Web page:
Reviews for Hey, Al

Publishers Weekly
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This Caldecott Medal winner tells of a journey to paradise and the discovery that home is best. Ages 3-up. (Apr.) (c) Copyright PWxyz, LLC. All rights reserved


School Library Journal
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K Up The theme here is, ``be happy with who you are,'' or maybe, ``there's no free lunch.'' Al, a janitor, lives a meager existence with his companion (dog) Eddie in New York City. They complain to each other about their lot and are ready to take off to a better place with a huge bird who just pops in and invites them. This ``island in the sky'' is perfect. All its inhabitants are friendly birds, and there's nothing to do but enjoy the tropical paradise. But when they both begin to sprout feathers and beaks, they realize that there is a price to pay, so they take off, Icarus-styleincluding a plunge into New York Harbor. Safely home, they discover that ``Paradise lost is sometimes Heaven found.'' Egielski's solid naturalism provides just the visual foil needed to establish the surreal character of this fantasy. The muted earth tones of the one-room flat contrast symbolically with the bright hues of the birds' plumage and the foliage of the floating paradise. The anatomical appropriateness of Al and Eddie plays neatly against the flamboyant depiction of the plants. Text and pictures work together to challenge readers' concept of reality, with touches such as the stacks of delivered newspapers outside Al's door when he returns fromhis ``dream''? Kenneth Marantz, Art Education Department, Ohio State University, Columbus (c) Copyright 2010. Library Journals LLC, a wholly owned subsidiary of Media Source, Inc. No redistribution permitted.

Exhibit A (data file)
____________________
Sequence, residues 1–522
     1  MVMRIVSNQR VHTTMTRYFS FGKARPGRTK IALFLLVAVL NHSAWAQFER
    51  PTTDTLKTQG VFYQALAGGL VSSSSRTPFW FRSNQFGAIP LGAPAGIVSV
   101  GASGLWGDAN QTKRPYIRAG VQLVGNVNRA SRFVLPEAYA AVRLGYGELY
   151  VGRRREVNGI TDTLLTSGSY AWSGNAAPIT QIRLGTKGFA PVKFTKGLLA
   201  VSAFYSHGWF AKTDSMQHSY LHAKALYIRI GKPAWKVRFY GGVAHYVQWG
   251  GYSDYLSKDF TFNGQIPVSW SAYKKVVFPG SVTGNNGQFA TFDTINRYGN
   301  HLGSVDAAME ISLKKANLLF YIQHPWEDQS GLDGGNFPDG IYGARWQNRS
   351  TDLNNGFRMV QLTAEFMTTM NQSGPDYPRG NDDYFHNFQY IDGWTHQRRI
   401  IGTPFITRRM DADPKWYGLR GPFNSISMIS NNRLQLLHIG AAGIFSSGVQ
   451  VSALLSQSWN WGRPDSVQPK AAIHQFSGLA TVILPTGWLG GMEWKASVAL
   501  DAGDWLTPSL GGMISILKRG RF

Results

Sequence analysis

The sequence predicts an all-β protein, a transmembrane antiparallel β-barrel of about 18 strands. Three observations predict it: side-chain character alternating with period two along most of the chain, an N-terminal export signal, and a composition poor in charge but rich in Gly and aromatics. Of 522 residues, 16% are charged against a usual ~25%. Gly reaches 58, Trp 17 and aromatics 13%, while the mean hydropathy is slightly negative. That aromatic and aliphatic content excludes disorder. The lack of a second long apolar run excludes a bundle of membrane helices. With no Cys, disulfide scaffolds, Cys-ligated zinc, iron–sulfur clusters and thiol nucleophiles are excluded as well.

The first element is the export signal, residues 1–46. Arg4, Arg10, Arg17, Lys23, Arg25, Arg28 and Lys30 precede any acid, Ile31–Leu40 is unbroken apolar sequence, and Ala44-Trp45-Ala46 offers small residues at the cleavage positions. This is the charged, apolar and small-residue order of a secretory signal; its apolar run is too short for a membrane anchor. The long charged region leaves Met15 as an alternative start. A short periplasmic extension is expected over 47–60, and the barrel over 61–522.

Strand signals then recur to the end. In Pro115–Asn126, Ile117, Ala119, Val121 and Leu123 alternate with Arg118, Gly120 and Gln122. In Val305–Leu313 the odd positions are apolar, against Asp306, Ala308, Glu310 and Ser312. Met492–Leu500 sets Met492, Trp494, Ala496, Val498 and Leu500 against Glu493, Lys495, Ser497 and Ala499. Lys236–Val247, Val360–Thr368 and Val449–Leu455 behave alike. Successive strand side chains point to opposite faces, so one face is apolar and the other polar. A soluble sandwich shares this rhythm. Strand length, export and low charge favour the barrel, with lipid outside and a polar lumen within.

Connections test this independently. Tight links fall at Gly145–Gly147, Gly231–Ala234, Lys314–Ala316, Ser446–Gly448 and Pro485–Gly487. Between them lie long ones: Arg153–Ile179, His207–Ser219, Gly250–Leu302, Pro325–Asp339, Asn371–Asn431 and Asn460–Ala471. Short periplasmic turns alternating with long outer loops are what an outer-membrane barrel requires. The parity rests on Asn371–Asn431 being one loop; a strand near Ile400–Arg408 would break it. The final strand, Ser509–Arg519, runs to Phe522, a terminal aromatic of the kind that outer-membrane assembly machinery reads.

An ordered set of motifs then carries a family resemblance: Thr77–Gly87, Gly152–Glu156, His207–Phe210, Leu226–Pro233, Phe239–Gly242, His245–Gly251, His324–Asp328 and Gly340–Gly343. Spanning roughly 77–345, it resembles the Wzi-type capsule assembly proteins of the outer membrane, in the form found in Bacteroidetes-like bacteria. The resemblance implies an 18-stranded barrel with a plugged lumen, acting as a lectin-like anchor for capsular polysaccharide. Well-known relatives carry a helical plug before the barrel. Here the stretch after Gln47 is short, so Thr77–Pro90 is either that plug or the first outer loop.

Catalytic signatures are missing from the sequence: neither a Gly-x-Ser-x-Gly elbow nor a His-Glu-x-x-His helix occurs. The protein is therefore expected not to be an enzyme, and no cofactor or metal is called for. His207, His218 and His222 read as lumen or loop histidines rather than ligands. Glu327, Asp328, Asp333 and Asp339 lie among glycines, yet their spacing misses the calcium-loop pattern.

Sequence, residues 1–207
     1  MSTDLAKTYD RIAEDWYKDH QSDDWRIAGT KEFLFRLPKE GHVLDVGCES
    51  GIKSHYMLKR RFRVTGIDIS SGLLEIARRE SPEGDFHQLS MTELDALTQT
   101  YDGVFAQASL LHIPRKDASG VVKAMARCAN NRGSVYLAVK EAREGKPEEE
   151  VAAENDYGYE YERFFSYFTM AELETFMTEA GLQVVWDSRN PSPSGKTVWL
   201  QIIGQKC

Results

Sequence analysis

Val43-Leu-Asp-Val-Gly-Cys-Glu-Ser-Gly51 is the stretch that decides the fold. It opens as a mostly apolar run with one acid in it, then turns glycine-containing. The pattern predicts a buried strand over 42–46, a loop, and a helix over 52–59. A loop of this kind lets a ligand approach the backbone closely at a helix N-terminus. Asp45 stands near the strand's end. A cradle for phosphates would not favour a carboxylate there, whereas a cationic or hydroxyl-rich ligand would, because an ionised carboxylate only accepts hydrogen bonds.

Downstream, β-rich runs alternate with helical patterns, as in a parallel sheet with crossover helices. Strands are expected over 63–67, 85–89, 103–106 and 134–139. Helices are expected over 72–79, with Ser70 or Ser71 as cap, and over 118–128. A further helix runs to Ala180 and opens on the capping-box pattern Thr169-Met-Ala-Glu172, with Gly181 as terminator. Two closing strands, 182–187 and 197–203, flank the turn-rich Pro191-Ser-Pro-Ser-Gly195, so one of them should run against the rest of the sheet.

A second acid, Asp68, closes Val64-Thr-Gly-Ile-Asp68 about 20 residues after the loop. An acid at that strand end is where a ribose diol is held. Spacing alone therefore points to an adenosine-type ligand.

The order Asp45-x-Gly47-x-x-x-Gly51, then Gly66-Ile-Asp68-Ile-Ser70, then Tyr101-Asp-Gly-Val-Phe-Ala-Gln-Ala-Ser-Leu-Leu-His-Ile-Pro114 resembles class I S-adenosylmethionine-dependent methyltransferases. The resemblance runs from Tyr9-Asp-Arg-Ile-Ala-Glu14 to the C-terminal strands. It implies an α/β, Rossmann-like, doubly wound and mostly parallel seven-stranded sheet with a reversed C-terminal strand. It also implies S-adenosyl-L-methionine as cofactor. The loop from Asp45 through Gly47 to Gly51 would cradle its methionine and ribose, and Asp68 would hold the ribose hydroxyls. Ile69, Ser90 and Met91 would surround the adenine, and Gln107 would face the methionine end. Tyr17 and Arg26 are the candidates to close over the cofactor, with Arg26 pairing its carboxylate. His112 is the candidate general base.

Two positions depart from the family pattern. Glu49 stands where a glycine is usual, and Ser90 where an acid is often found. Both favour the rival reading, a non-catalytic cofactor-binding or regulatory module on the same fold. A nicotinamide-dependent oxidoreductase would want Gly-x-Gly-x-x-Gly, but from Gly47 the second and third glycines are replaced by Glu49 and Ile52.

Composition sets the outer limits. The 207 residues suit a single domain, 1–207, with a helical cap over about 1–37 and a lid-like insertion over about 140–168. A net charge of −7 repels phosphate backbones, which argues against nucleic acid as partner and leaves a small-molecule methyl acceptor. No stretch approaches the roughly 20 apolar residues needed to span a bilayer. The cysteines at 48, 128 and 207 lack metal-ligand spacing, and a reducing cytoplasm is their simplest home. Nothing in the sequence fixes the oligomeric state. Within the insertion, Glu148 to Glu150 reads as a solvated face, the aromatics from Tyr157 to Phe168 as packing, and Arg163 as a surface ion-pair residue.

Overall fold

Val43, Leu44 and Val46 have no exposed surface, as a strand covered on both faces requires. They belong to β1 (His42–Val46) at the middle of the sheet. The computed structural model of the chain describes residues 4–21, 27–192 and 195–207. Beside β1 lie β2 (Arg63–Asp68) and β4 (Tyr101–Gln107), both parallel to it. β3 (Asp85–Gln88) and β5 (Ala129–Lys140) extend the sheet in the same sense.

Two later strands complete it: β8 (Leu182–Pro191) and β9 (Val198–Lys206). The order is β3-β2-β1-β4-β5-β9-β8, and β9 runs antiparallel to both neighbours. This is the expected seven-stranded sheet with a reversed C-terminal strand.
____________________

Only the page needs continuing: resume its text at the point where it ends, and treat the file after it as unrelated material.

Kirkus
Copyright © Kirkus Reviews, used with permission.

A New York City janitor and his dog, Eddie, make a temporary escape to a fantastic land of birds, but discover that the price is too high. Al is content, but Eddie wants more space than their one messy room; so when a giddily colored bird offers the two a worry-free alternative, they accept. He transports them to a paradise of sorts: lush vegetation, a marvelous array of gaudy, surreal birds to respond to their every whim. ""But ripe fruit soon spoils."" Noticing that they are being transformed into birds, Eddie and Al make a quick escape to their dingy home. ""Paradise lost is sometimes Heaven found,"" and Al is last seen patching and painting. This fable is related with sly wit made more pungent by its brevity. In the same spirit, Egielski's full-color illustrations derive much of their humor from their realism. The drab colors and geometric forms of the city contrast with the luxuriant Eden. Both verbally and pictorially, the relationship between the friends is funny and touching. A clever idea well realized by an inspired pair in their fourth collaboration. Kids will chuckle over this one. Copyright ŠKirkus Reviews, used with permission.


Book list
From Booklist, Copyright © American Library Association. Used with permission.

Al, a modest janitor, and his dog Eddie are spirited away to a wonderful new life by a mysterious bird, but they soon learn that paradise has its price and home has its rewards. Energetic, thought-provoking illustrations. The 1987 Caldecott Medal Book. (Ja 1 87)


Book list
From Booklist, Copyright © American Library Association. Used with permission.

Gr. 2-4. Al and his dog, Eddie, learn that the grass is not always greener even in paradise in this rich blending of picture and story. (Ja 1 87)

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